I was starting to think I wouldn't see anyone else when I saw Felix around mile 24, walking with the big American flag he always races with. I ran up to him and asked what was up, why was he walking? He said everything was hurting and it was too hot out. I've never run with Felix for very long because he usually has an entourage, but this time he must've been in a pretty bad spot because as I fell in with him and he kicked up the pace to a shuffle, he asked me to talk to him. So I talked. I talked about anything that came to mind. And every time I fell silent, he'd say, "Keep talking." And so we went along like that, sometimes trotting, sometimes walking, down Allen Parkway, into downtown and up to the barricades where I stopped and watched him run through the crowds as the announcer called his name.

By now the race was almost over. The race clock read 5:52 and there wasn't much time for anyone still out on the course. A heavy man, shirtless and jiggly slogged past me. I glanced at my watch and smiled. He was going to make it and have bragging rights forever over all those skinny people at the office. An elderly woman passed me, head up, striding confidently. She would make it too and put the lie to anyone's assertion that you're ever too old to chase your dreams.

I wound through the shadows of the downtown skyscrapers and back into the sunshine and green of the paths along the bayou. Stragglers were still coming in, chased out of the roads and onto the sidewalks, most of them holding up bravely, all of them disappointed. Just finishing a marathon is something to be proud of, and I know they’ll understand once they're beyond the disappointment of today.

By now I was tired and hurting. Both hips hurt and my feet hurt from my new insoles. My muscles were tight from yesterday's run. And I was thirsty. So thirsty! I hadn't taken any of the water offered by the volunteers, so I was glad to come up to the water fountain at Eleanor Tinsley Park.

It seemed to take forever to walk all the way home. Three miles is a long way when your feet and hips hurt. But it was nothing compared to a marathon. So I soldiered on, stopping to help a straggler give directions by cell phone for someone to come pick her up by the dog park at Montrose.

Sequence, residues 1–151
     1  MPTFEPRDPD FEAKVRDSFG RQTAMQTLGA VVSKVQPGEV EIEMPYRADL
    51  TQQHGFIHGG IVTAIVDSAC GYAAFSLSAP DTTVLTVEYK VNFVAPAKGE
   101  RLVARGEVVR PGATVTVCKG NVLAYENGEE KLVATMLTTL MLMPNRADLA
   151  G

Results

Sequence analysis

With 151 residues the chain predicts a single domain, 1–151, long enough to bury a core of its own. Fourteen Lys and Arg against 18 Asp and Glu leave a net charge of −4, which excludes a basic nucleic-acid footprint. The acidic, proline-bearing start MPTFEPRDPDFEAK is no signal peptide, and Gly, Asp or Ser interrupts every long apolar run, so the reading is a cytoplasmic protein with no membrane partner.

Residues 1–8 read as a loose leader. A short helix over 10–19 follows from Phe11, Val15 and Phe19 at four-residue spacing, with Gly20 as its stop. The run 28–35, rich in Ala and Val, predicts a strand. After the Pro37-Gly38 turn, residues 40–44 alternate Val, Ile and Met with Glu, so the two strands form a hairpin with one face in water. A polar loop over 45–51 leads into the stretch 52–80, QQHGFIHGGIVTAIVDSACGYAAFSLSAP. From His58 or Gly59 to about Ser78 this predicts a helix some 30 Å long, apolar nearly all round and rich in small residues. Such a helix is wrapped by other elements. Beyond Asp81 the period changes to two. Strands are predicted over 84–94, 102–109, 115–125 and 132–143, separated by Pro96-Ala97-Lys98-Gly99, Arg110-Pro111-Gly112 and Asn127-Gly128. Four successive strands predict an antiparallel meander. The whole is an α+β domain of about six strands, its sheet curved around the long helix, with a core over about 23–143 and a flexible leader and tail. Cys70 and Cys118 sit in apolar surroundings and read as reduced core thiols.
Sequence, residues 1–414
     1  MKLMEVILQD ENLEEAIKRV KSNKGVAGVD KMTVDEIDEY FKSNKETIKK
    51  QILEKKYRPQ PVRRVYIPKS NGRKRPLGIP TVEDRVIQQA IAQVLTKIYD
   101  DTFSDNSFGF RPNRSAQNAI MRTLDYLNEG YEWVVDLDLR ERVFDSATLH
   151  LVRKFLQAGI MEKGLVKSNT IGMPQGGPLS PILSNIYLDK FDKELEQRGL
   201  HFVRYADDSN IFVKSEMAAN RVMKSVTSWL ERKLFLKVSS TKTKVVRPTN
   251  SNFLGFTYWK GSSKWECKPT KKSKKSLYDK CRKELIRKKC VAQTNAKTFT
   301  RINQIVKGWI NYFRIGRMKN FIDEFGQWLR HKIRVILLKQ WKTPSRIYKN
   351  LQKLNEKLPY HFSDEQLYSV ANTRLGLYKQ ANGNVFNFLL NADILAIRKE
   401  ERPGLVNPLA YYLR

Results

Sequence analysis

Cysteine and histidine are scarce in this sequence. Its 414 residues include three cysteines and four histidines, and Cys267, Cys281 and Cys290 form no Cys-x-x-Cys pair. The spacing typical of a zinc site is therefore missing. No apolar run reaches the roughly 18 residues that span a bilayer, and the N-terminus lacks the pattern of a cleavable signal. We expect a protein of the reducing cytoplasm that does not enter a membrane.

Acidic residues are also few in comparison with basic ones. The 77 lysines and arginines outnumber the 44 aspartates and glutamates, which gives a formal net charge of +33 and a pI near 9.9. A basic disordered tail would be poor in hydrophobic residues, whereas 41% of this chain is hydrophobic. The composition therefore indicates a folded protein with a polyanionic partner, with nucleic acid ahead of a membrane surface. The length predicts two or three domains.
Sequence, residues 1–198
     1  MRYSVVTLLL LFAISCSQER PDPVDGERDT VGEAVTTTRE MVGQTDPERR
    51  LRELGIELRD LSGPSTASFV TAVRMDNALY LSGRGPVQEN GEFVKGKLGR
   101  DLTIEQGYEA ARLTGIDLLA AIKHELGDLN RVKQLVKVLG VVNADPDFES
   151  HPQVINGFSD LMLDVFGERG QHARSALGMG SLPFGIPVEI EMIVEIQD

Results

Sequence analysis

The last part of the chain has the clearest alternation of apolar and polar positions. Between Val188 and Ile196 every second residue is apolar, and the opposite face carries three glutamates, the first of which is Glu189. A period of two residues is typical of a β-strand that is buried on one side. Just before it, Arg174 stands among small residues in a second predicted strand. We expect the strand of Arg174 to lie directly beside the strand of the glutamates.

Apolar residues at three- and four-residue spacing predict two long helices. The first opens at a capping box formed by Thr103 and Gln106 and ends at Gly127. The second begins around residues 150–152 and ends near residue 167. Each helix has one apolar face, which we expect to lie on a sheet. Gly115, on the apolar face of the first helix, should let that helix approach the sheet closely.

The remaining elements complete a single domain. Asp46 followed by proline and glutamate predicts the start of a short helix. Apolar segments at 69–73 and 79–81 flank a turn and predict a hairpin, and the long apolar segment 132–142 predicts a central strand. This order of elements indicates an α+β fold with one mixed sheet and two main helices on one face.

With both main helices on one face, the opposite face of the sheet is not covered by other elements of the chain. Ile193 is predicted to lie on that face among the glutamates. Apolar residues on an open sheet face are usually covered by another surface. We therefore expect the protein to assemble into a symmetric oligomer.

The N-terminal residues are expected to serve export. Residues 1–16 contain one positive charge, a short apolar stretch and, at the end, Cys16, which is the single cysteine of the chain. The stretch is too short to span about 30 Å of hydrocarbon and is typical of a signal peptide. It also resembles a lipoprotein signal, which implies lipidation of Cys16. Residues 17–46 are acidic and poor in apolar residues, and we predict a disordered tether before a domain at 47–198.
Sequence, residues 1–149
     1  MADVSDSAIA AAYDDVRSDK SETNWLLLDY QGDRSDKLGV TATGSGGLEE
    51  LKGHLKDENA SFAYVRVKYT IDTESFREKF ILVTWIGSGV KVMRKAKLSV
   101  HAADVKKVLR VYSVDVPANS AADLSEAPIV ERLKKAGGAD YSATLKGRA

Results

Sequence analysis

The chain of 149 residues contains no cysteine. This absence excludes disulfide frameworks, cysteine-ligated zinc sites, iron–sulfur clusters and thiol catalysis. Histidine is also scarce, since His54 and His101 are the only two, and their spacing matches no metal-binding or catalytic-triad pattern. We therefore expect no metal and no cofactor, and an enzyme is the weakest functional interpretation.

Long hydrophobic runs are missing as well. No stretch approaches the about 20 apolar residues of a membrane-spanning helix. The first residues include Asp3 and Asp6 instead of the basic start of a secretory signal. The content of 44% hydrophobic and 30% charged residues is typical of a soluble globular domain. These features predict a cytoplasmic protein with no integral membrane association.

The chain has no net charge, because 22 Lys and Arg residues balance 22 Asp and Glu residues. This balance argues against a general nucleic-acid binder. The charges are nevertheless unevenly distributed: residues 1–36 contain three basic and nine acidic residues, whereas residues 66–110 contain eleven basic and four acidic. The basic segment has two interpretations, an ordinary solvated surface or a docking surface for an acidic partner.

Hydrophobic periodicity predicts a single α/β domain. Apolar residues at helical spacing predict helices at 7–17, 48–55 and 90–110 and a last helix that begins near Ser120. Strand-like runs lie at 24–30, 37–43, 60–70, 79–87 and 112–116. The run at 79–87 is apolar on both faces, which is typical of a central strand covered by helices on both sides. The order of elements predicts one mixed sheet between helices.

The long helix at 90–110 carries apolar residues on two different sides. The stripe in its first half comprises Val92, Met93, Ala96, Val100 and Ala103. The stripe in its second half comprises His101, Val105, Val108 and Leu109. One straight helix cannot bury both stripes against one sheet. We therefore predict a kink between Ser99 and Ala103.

Then there was another water fountain, Waugh Drive, a little dog-leg and I was at my bridge to Jackson Hill. The bridge seemed higher than usual. I guess I was more tired and sore than I realized. At the top I stopped and looked down on my trails and looked toward downtown where so many people achieved their dreams today. It made me smile.

And then I walked down the other side of the bridge and up the street to where my own finish line and my own fans were waiting for me.

Recent Workouts
Today: approx 5 mile run, 5 mile walk

9 comments:

nancytoby said...

Good for you for cheering folks in and helping the runners! The Houston Marathon doesn't have a great reputation for supporting back-of-the-packers, unfortunately.

Bolder said...

wow! such selfless acts. you're a good person. good on you!!

Kewl Nitrox said...

We need more people like you at the races! Inspiring post!

Barbara said...

That was so nice of you to take the time and effort to help him out. I bet you won't forget that moment!

Steve Bezner said...

Thank you for running with me yesterday. I'm sure I wasn't the most pleasant person to talk too at the time.

I hope I can re-pay you for your kindness to fellow runners.

Thank you,
RunSteve

PuddyRat said...

I dunno. Sounds to me like you did your own darned marathon getting to and from the race, then running back and forth between mile 24 and the barricades. How about you come run with me at mile 24 of IMC? I'd sure like the company. This is by far one of the best spectator race reports I've read. Thanks for sharing your experience and for being such a terrific race supporter. I hope you are feeling better.

Chris said...

Wow! I love this post! You've got me all psyched up and ready to run (except that I have another half day of work here in the office :( ).

Kudos to you for the support you gave those runners all day long!

Ellie said...

Oh, wow. I have got to do this at one of these marathon... instead of running it myself. You ROCK!!

Sorry I missed your birthday. I'm glad you were born!

Cassie (TIGGS) said...

that is so awesome! way to support the runners :) :) )